China will increase export tariffs to 25 percent for steel billets and pig iron, and to 15 percent for strip coil and long products from Tuesday, the Ministry of Finance said yesterday.
Analysts said the increase was not as large as expected and won't have large impact on the domestic market. The ministry had announced last week it will impose higher tariffs next year to curb a record trade surplus and cut pollution, without giving detailed tax rates.
Tariffs for billets and pig iron will be raised to 25 percent from the current 15 percent, while those on hot-rolled coil and so-called long products will be increased to 15 percent, from the current five to 10 percent, the ministry said.
"It's lower than speculated," said Xu Xiangchun, director of Beijing Lange Steel Information Research Center. "The hike underscores state efforts to discourage exports for such lower added value steel products."
Xu said the domestic market won't be significantly influenced by the latest tariff hike because it doesn't involve steel sheets, which account for 40 percent of China's steel exports. For affected products, Xu said the export volume had fallen since April after the government raised tariffs and further drops are limited.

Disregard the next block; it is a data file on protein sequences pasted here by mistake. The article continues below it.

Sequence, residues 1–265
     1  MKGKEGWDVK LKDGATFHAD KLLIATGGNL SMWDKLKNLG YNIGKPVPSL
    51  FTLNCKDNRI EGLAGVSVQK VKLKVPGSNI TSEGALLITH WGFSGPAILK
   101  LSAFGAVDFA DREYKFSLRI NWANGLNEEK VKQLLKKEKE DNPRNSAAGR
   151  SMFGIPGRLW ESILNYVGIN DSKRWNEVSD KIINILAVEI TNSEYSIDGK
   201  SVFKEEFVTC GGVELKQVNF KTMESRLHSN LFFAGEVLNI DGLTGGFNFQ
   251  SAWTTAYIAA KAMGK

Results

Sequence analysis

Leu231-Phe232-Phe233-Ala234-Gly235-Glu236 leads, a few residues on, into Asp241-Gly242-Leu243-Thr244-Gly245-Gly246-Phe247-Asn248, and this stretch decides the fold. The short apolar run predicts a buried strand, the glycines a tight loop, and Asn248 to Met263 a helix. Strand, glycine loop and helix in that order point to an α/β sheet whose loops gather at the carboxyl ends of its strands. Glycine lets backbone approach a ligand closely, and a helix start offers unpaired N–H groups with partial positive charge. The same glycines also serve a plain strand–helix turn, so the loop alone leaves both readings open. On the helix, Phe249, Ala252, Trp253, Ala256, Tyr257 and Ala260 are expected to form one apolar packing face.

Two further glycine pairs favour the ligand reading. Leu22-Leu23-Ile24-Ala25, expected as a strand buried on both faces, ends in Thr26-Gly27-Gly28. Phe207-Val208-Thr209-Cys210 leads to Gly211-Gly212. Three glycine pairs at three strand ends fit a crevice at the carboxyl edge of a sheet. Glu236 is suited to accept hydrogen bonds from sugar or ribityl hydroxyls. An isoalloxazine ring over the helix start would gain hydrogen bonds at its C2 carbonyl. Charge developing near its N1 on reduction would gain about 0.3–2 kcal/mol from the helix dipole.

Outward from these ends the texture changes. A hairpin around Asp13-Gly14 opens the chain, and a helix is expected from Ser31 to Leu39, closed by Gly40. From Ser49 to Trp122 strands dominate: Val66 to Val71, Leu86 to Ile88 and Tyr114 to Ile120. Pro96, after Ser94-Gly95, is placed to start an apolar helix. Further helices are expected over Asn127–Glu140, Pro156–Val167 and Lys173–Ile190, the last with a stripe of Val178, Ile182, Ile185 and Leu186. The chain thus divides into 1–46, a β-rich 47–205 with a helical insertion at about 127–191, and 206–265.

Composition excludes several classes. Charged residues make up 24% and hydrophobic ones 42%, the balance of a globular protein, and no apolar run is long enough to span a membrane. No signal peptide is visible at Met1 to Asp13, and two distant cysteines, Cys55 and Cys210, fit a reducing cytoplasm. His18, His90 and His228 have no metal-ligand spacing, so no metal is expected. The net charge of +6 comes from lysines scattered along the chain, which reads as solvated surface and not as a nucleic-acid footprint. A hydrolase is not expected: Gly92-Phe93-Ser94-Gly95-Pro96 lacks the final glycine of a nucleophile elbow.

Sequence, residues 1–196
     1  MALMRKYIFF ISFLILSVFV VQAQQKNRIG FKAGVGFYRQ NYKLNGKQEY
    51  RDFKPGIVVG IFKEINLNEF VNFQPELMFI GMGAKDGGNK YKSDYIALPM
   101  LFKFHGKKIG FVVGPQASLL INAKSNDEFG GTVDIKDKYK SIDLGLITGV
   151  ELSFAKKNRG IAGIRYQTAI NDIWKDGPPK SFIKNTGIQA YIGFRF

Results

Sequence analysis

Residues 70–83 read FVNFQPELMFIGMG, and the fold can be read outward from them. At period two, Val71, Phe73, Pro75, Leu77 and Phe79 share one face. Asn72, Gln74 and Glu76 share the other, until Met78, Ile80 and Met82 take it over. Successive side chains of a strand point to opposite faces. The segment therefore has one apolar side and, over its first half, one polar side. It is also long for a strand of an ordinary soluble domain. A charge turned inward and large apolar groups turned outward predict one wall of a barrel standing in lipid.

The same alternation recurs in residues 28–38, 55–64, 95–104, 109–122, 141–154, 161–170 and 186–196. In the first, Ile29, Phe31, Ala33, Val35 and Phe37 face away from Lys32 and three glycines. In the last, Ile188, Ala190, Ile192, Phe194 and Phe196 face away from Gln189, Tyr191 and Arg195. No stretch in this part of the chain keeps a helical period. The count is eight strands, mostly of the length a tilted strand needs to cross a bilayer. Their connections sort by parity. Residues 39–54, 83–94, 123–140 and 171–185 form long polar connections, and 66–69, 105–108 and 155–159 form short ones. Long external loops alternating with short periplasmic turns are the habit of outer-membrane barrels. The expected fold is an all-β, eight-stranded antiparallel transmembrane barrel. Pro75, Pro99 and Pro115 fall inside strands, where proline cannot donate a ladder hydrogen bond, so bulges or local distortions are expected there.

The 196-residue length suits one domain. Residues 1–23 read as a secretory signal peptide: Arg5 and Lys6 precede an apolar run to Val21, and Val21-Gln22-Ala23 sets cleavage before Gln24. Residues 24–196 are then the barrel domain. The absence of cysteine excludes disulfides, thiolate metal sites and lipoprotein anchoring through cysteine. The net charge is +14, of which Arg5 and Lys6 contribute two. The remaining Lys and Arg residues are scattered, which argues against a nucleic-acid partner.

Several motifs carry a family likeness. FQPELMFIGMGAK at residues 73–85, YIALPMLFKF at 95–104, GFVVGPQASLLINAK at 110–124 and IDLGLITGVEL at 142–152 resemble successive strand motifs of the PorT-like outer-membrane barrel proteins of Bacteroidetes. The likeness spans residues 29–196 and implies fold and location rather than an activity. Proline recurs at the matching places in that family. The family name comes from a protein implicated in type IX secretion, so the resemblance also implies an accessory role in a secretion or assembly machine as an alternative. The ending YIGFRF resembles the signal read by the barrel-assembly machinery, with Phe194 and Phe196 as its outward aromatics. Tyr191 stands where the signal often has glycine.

China has made a range of export policy adjustments after its steel exports more than doubled in 2006, leading to frictions with trading partners.
Exports of steel products totaled 4.1 million tons last month, down 11 percent from a year earlier, according to customs data, as tighter measures take hold.
For the first 11 months, exports rose 55 percent to 57.86 million tons.
(Shanghai Daily December 27, 2007)